Dual Router Cabinet

Immediately after I took this picture I decided the electrical needed to be moved. It was too convenient for me to bump into and accidentally turn on one of the routers so I moved it to the front of the cabinet. To secure the cabinet to the base I just used a scrap piece of dimensional pine and screwed it to the cabinet and to the base. At this point I spent some time in SketchUp to design a fence. I had no clue what I really wanted or needed regarding the fence. So what do you do when you are in a state of design block? You look at a few Canadian woodworking genius websites; woodgears.ca and ibuildit.ca.

On woodgears I found that Matthias used a router in his table saw wing as well. The fence he designed was on the right side of the router. This allows your work piece to be pushed across the bit with you in the same orientation as if you were using the table saw. It also allows independence from the table saw fence as it is positioned with two lock down knobs. Another thing I noticed is that the length of his fence isn’t that long. ibuildit.ca is where the plans for my router lifts came from. On John’s router table build he added a second hole behind his router fence for extra dust collection. In the fence he made a dust channel to connect the back dust port to the router bit. This makes for excellent dust collection. I took a bit of inspiration from both sites and came up with this.

Router Table Fence

I chose a smaller fence than what you typically see on dedicated router tables. Mainly because I want something that will be easy to remove if I need the extra surface area to run the table saw. The piece sticking up in the middle is a blast gate to close off the back of the dust channel. And because it does have a dust channel I can open the blast gate and move it to the left router and lock it down. This will allow me to utilize the right router opening as extra dust collection. The entire fence can slide as needed and is locked down with two screw down handles. I did change my blast gate design slightly. Because I already had the fence planned out in SketchUp the build went extremely quick.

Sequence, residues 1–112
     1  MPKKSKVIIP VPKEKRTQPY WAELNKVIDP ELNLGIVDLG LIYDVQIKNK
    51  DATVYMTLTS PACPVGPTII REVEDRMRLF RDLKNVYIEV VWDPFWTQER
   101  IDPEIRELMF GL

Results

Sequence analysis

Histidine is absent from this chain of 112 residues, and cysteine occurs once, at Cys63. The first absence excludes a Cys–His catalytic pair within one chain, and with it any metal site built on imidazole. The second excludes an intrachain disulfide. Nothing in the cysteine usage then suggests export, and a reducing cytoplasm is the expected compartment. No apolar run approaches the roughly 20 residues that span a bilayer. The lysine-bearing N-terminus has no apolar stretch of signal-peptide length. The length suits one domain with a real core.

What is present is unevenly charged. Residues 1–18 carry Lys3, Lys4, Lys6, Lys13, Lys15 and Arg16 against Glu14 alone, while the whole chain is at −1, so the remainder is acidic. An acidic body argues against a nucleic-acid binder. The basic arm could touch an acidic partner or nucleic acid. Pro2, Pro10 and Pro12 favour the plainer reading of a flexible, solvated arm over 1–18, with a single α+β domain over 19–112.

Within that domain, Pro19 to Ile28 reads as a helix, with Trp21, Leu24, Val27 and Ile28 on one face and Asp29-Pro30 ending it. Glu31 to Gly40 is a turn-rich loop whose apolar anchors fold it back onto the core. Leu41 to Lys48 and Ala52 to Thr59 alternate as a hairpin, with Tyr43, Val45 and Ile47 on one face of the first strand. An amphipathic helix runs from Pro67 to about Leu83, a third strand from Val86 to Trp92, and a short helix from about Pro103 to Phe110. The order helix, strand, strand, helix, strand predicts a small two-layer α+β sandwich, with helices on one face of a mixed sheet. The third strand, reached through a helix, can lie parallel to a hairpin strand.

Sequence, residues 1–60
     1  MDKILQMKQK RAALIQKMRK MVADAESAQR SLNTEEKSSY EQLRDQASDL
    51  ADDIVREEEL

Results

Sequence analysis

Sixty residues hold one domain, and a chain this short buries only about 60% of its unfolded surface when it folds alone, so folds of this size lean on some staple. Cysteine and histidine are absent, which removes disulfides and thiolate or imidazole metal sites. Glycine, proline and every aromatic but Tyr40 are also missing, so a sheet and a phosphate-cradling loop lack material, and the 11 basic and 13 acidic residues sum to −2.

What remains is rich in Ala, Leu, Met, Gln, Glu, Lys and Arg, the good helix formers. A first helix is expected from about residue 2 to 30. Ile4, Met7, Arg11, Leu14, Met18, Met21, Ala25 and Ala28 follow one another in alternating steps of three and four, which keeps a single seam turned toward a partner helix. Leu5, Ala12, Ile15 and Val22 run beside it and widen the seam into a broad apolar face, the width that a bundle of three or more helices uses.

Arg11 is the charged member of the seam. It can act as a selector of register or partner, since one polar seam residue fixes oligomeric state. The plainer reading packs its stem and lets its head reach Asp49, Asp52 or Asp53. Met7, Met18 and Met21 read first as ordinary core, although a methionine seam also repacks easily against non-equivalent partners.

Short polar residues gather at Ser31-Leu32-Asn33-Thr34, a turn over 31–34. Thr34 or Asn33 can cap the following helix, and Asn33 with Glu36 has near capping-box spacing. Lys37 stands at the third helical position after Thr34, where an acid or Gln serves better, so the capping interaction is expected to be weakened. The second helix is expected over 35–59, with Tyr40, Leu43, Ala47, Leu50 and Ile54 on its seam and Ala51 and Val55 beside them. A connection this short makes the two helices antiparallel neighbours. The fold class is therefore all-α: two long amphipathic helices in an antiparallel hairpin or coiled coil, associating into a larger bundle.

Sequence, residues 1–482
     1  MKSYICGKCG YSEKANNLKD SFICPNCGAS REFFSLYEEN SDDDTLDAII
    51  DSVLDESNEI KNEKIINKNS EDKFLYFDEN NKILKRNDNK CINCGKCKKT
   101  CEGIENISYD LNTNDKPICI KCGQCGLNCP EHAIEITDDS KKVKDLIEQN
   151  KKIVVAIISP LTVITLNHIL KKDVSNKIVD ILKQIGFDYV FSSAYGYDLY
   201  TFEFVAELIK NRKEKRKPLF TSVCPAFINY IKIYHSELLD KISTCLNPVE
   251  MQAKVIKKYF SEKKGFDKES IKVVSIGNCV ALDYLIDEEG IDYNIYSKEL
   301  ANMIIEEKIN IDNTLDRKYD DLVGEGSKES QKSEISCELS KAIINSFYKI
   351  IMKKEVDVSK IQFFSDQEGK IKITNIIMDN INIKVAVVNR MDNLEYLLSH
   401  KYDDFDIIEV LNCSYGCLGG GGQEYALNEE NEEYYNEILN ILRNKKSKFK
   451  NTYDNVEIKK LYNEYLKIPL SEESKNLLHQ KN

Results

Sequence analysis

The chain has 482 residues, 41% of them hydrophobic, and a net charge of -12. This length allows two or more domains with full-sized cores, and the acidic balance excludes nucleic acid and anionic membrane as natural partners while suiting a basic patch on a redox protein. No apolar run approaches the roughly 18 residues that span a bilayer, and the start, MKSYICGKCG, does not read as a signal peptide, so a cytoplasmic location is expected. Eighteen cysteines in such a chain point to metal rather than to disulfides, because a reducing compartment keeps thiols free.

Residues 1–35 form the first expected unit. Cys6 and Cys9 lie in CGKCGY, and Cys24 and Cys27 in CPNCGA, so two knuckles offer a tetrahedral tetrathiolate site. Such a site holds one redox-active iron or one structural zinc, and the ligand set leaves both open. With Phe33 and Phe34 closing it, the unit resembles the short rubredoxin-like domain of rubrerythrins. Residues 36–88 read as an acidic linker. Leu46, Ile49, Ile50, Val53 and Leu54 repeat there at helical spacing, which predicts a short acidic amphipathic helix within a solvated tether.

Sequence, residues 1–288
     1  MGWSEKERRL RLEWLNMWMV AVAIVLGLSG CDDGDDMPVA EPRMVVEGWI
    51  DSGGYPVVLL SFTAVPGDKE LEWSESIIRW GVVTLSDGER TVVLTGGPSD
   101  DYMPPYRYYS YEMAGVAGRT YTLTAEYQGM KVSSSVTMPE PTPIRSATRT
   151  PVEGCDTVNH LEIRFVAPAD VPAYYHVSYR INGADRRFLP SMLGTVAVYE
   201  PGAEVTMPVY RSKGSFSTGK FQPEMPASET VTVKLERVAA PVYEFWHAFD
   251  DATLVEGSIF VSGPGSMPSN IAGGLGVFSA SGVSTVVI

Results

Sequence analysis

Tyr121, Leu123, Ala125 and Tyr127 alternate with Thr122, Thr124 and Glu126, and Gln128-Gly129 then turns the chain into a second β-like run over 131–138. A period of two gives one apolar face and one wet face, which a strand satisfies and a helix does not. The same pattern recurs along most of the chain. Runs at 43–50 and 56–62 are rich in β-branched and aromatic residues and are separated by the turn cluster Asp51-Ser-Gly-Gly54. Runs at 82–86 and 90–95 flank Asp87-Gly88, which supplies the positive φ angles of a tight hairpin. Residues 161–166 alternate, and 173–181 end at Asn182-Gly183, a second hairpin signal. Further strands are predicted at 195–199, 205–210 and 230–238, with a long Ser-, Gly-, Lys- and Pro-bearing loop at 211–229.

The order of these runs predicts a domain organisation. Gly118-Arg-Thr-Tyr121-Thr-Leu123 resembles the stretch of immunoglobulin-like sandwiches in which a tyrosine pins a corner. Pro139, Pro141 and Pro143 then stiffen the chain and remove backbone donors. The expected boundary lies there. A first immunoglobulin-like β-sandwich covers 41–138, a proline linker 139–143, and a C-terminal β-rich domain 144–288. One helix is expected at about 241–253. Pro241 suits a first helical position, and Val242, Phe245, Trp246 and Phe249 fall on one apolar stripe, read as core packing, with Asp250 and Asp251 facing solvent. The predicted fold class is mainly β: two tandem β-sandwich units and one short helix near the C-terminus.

Router Table Fence

To cut the front and back tapers I used my table saw jointing jig. I traced the first layout and just lined up the rest. This has proven to be a handy little jig.

Easy Layout With My Table Saw Jointing Jig

The screw down handles were made by drilling a 5/16″ hole in the end grain of a small piece of pine. I tapped the hole to 3/8-16tpi and glued in a piece of leftover threaded rod. To seal off the entire project I applied several coats of lacquer. After I waxed the entire surface I was anxious to try it out. The dust collection works flawlessly. I have never used a tool that has dust collection as good as this router table does. Regardless of what side I was using there was very little dust on the table afterwards. My table saw station is finally complete.

Completed Saw Station

Dual Router Table

Since making this I have been asked several times “Why two routers?” My answer is “Why not?” I have always wanted a dedicated round over station and having two routers allows me to do so. And at $39.99 for a 2hp router with good reviews the price was inviting to purchase two. All together I have less money in the plans, both routers, and the material for the build than I would have had in just the Bosh router I had chosen. For anyone looking to build their own router lift I say go for it. You will probably end up with a better lift than a production model.

Here is a video demonstrating the router table followed by a LONG video covering the build.